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Research Papers: Friction & Wear

Thermal Degradation and Burnishing Wear of Thin Carbon Film by Frictional Heat Generation

[+] Author and Article Information
Sungae Lee

Department of Mechanical Engineering,
Texas Tech University,
Box 41021,
Lubbock, TX 79409
e-mail: sa.lee@ttu.edu

Muyang He

Department of Mechanical Engineering,
Texas Tech University,
Box 41021,
Lubbock, TX 79409
e-mail: muyang.he@ttu.edu

Chang-Dong Yeo

Department of Mechanical Engineering,
Texas Tech University,
Box 41021,
Lubbock, TX 79409
e-mail: changdong.yeo@ttu.edu

1Corresponding author.

Contributed by the Tribology Division of ASME for publication in the JOURNAL OF TRIBOLOGY. Manuscript received November 13, 2013; final manuscript received May 16, 2014; published online June 6, 2014. Assoc. Editor: Zhong Min Jin.

J. Tribol 136(4), 041603 (Jun 06, 2014) (7 pages) Paper No: TRIB-13-1234; doi: 10.1115/1.4027749 History: Received November 13, 2013; Revised May 16, 2014

The burnishing wear of carbon films found in dynamic microdevices could be attributed to both mechanical stress and temperature rise by frictional heat generation. In this study, novel modeling and experiment were performed to investigate the burnishing wear mechanism of carbon film during high speed sliding contact. An improved thermomechanical contact model for a single asperity was extended to rough surface contact. The contact stress and surface temperature rise were examined at various contact conditions. To verify the thermal degradation of the carbon film by frictional heat flux, micro-Raman spectroscopy measurement was performed on actual burnishing failure sample.

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References

Figures

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Fig. 1

A schematic of contact behavior in the improved single asperity model [17]

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Fig. 2

A schematic of substrate deformation and asperity interactions during rough surface contact [19]

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Fig. 3

A schematic of the heat transfer mechanism during continuous sliding contact

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Fig. 4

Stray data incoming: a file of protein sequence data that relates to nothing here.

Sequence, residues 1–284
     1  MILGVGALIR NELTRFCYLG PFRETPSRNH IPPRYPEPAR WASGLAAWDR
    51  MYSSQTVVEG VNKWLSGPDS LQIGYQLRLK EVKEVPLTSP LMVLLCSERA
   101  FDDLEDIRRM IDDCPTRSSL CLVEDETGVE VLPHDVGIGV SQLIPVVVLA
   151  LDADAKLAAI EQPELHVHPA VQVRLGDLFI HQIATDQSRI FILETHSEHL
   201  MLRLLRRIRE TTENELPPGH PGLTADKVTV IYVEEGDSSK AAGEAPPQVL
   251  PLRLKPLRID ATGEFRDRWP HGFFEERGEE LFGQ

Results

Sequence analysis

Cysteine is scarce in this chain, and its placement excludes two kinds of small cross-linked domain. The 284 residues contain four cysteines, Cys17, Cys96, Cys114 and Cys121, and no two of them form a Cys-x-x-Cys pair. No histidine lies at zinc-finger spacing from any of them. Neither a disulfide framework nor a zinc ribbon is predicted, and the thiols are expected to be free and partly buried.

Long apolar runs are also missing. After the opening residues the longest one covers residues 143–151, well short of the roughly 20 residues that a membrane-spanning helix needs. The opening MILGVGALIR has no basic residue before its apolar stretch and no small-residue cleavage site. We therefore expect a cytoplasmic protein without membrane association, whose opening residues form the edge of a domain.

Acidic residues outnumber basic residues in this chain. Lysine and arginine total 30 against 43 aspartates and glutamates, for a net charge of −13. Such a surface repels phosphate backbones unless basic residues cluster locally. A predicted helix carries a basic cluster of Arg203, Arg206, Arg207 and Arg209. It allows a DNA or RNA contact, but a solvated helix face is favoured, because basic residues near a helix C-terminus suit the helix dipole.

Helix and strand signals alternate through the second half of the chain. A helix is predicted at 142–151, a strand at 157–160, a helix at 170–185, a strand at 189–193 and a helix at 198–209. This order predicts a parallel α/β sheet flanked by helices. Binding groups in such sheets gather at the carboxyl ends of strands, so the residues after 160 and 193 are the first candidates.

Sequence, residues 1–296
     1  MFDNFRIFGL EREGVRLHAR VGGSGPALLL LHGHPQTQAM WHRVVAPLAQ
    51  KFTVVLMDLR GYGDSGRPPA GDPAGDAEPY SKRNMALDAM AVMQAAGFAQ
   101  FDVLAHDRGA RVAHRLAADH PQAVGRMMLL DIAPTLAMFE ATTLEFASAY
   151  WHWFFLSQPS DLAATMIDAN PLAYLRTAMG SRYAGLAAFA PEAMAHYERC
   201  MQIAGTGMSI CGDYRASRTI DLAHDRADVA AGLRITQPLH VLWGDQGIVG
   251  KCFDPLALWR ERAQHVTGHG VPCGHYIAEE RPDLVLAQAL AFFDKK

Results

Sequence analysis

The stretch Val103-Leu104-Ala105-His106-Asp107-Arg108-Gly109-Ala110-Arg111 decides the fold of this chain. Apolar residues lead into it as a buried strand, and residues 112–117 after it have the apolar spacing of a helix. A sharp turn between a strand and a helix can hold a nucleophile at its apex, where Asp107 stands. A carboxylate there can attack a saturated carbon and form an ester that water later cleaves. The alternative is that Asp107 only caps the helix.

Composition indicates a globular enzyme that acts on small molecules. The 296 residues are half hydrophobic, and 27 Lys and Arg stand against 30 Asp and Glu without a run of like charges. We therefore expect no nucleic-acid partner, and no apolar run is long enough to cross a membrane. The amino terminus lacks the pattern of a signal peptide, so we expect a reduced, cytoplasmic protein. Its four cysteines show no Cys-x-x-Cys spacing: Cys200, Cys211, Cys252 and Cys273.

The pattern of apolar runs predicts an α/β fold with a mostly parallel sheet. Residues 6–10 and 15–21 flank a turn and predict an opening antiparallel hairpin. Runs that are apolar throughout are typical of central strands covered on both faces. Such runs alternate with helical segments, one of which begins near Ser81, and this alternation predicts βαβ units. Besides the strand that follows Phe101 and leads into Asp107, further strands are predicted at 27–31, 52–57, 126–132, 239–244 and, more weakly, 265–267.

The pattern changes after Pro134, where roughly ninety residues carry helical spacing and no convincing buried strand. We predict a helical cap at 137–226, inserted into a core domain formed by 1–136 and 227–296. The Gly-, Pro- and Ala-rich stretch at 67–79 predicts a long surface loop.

A schematic of nodes for the finite difference method of convection heat transfer out of the contact zone

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Fig. 5

The contour and distribution of contact pressure for the disk surface contacting with slider consisting of (a) NiFe substrate and (b) Al2O3 substrate

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Fig. 6

The contour and distribution of temperature for the disk surface contacting with slider consisting of (a) NiFe substrate and (b) Al2O3 substrate. Note: the white area indicates no temperature rise during contact

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Fig. 7

The contour and distribution of temperature for the head slider surface made of NiFe substrate at the sliding time of (a) 10 ns and (b) 1 μs. Note: the white area indicates no temperature rise during contact

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Fig. 8

The contour and distribution of temperature for the head slider surface made of Al2O3 substrate at the sliding time of (a) 10 ns and (b) 1 μs. Note: the white area indicates no temperature rise during contact

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Fig. 9

Thermomechanical contact behaviors of head slider with respect to the sliding time; (a) the number ratio of critical asperities and (b) the average temperature over the nominal area

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Fig. 10

Micro-Raman spectroscopy measurement for the burnished head carbon film sample; (a) A SEM image of a typical slider surface including the location of Raman measurement [33] and (b) a representative of Raman spectra from the burnished head carbon film (D and G peaks only)

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